The story of Schrodinger’s cat is well known, and one of quantum theory’s most popular phrases on the world stage. You can find his cat on t-shirts, bumper stickers, internet memes and the like. However, few know the origins of the cat, and how it came into being. I suspect many do not understand it beyond the “dead and alive at the same time” catchphrase as well. Not surprisingly, it was Einstein who was at the center of the idea behind Schrodinger’s cat. In a vibrant discussion between the two via letters across the Atlantic, Schrodinger echoed Einstein’s concerns with the following:
Contained in a steel chamber is a Geiger counter prepared with a tiny amount of uranium, so small that in the next hour it is just as probable to expect one atomic decay as none. An amplified relay provides that the first atomic decay shatters a small bottle of prussic acid. This and -cruelly- a cat is also trapped in the steel chamber. According to the wave function for the total system, after an hour, sit venia verbo [pardon my language], the living and dead cat are smeared out in equal measure.
This was the first mention of Schrodinger’s cat, and one would not be incorrect in stating that this paragraph from a letter was where the cat was born. However, the original idea behind the thought experiment was from Einstein and his loathing of the wording of the Einstein-Podolsky-Rosen (EPR) paper. He expressed his frustrations with Schrodinger with a few simple examples, who then catapulted it into his famous paradox . In this article we’re going to explore not so much the cat, but the meaning behind the thought experiment and what it is meant to convey, while keeping it simple enough for anyone to understand. So next time you see it on a t-shirt, you will be able to articulate the true meaning and know the real Schrodinger’s cat.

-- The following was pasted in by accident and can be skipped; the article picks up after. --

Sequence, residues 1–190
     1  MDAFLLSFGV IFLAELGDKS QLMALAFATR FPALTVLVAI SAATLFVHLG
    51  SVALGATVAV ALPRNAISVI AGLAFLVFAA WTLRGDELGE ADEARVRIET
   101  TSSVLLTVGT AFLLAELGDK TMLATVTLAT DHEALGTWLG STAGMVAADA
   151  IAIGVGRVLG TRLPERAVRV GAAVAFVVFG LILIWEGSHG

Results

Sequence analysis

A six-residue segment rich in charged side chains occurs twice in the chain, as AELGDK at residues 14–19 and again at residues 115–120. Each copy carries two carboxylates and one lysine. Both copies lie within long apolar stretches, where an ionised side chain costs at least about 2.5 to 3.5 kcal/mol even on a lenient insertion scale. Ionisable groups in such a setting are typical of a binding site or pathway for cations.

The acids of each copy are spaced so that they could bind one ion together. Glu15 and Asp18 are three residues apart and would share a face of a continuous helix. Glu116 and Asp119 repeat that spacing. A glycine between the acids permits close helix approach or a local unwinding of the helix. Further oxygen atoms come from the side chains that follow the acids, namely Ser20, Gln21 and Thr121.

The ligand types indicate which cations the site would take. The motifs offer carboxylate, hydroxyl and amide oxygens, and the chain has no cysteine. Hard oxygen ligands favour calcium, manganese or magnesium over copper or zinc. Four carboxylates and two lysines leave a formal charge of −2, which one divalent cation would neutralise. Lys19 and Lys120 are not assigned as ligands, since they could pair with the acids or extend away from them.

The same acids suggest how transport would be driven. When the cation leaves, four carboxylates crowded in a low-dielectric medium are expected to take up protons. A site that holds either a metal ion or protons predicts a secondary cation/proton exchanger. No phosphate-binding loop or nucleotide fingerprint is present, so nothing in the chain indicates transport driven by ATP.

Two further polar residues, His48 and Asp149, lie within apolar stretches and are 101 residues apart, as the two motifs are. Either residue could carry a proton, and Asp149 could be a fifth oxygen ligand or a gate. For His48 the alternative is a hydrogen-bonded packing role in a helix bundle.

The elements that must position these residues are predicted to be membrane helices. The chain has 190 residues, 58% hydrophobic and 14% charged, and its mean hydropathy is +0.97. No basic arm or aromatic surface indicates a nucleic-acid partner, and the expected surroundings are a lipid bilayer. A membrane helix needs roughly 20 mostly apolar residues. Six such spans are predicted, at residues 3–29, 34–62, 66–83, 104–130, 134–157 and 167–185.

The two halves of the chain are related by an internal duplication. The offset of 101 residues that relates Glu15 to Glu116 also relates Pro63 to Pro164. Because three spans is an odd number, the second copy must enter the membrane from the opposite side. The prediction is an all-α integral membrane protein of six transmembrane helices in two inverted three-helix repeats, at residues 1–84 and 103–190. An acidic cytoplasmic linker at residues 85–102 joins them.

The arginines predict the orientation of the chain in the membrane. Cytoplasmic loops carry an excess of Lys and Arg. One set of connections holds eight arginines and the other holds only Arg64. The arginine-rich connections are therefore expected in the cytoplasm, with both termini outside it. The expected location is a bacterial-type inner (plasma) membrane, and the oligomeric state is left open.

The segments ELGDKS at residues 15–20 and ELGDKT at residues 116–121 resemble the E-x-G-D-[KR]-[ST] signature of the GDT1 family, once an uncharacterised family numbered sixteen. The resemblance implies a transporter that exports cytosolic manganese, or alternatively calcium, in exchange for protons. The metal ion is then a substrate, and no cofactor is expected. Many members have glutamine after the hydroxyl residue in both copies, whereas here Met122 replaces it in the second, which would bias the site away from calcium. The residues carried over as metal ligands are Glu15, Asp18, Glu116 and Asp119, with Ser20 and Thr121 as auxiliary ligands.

Unless you’ve been living under a high voltage transformer, you’ve heard about the potential for Samsung’s latest phone, the Note7, to turn into a little pocket grenade without warning. With over 2.5 million devices in existence, it’s creating quite a headache for the company and its consumers.
They quickly tied the problem to faulty Li-ion batteries and started replacing them, while issuing a firmware update to stop charging at 60 percent capacity. But after 5 of the replacement phones caught fire, Samsung killed the Note7 completely. There is now a Total Recall on all Note7 phones and they are no longer for sale. If you have one, you are to turn it off immediately. And don’t even think about strapping it into a VR headset — Oculus no longer supports it. If needed, Samsung will even send you a fireproof box and safety gloves to return it.